BEIRUT — The Latest on the Syrian conflict (all times local):
Turkey has named an al-Qaida affiliate in Syria a terror organization to include the group's rebranded name.
The change comes amid discussions with Russia over how to treat the Levant Liberation Committee (Hay'at Tahrir al-Sham), which controls most of Idlib, and other rebels, as a Russian-backed regime offensive on the last remaining rebel stronghold appears imminent.
The Turkish update of a list freezing the assets of people and organizations with links to terror was published in the country's official gazette Friday. It comes with an appendix noting that the group's former name was the Nusra Front.
Turkey already considered the Nusra Front terrorists but the group rebranded itself in January 2017 and merged with other jihadist groups under the Levant Liberation Committee.
Though the group claims to have no direct ties to al-Qaida, it's considered a terrorist group by the United States and the United Nations.
France's foreign minister says Syrian President Bashar Assad has won his country's civil war but won't "win the peace" without a political solution brokered by the international community.
French Foreign Minister Jean-Yves Le Drian also reiterated threats of Western retaliation if Assad cedes to the "temptation" of using chemical weapons in the looming battle for the northern Idlib province, the last major opposition stronghold.
Le Drian said Sunday on France-Inter radio that "Assad won the war, we have to state this. But he hasn't won the peace."
He said that even if Assad's forces retake Idlib, that won't solve the problems that unleashed the war seven years ago.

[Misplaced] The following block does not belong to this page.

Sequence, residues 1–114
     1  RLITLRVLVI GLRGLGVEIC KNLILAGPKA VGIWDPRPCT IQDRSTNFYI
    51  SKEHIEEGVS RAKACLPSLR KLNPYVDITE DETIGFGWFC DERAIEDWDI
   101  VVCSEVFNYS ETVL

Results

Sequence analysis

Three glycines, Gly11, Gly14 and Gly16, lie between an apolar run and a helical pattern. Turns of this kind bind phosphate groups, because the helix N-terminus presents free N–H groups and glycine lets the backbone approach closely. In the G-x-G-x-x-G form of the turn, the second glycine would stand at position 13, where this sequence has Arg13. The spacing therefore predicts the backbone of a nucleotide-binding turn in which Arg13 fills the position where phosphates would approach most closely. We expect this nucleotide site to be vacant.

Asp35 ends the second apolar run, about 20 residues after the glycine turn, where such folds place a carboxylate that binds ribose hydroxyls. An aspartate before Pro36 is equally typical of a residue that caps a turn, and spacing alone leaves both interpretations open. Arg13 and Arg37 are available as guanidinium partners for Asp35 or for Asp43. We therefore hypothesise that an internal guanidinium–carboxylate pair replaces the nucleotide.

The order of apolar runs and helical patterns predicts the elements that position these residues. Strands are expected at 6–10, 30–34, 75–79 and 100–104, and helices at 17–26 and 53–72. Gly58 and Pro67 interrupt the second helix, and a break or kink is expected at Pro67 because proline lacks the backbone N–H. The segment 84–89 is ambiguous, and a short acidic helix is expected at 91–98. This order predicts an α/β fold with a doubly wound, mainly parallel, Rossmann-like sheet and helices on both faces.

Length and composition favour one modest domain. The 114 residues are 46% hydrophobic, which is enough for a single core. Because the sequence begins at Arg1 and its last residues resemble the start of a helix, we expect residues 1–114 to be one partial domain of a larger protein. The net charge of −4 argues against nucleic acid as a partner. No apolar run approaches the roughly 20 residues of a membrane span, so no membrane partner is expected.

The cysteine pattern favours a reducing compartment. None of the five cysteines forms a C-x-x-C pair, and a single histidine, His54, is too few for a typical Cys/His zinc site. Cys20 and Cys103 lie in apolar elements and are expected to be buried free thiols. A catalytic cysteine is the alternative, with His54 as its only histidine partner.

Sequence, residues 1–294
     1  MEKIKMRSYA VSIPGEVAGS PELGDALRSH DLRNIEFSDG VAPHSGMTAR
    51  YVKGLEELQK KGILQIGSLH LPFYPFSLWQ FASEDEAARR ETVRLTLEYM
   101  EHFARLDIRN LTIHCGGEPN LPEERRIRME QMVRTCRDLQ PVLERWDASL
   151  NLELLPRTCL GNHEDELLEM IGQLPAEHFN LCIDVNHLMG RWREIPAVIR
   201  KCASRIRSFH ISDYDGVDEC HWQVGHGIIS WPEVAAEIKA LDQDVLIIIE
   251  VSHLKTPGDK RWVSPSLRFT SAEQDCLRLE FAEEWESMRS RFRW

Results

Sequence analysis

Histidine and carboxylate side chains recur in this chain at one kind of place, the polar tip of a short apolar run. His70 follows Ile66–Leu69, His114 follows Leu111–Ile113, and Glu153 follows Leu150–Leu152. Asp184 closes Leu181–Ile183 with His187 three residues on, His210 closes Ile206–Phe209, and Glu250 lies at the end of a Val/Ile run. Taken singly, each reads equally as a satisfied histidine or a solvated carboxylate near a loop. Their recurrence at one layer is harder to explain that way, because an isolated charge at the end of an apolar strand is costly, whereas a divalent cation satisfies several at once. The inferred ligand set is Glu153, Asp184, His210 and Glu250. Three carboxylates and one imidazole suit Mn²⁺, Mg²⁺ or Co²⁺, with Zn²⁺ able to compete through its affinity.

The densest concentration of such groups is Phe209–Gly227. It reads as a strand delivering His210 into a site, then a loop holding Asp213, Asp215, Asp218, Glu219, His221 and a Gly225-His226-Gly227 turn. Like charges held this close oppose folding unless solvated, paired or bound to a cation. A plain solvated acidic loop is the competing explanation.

He said France will press at this month's U.N. General Assembly for a political solution in Syria, and is holding talks with Russia, Turkey and Iran to push them to use their influence with Assad to ensure political negotiations after the war ends.
Pope Francis is pressing for negotiations to avoid a "humanitarian catastrophe" from a looming battle in Syria.
Francis appealed on Sunday to the international community and "all the actors involved" to use diplomacy, dialogue and negotiations "in respect for international humanitarian law and to safeguard the lives of civilians."
Addressing faithful in St. Peter's Square, Francis said "the winds of war are still blowing and troubling news reaches us about the risks of a possible humanitarian catastrophe" in Syria's Idlib province.
That's where Syrian opposition forces have dug trenches around their bases, anticipating a ground offensive on their last major stronghold. The battle for Idlib might be the last in seven years of civil war.
Hundreds of thousands of civilians in the Idlib area have nowhere to flee.
A group monitoring the Syrian war says at least two military personnel were killed and 11 wounded in overnight explosions in a military airport on the edge of the capital.
The Britain-based Syrian Observatory for Human Rights said Sunday the blasts that rocked Damascus are believed to have been caused by an Israeli strike.
Syrian pro-government media initially blamed the blasts on Israel. But state media later quoted an unnamed Syrian military official as saying the explosions were caused by an electrical malfunction in a munition depot nearby.
The Observatory relies on various sources on the ground to monitor the war.
The government has blamed Israel for previous attacks on the airport. Israel rarely acknowledges such strikes, but has recently targeted suspected Iranian posts inside Syria.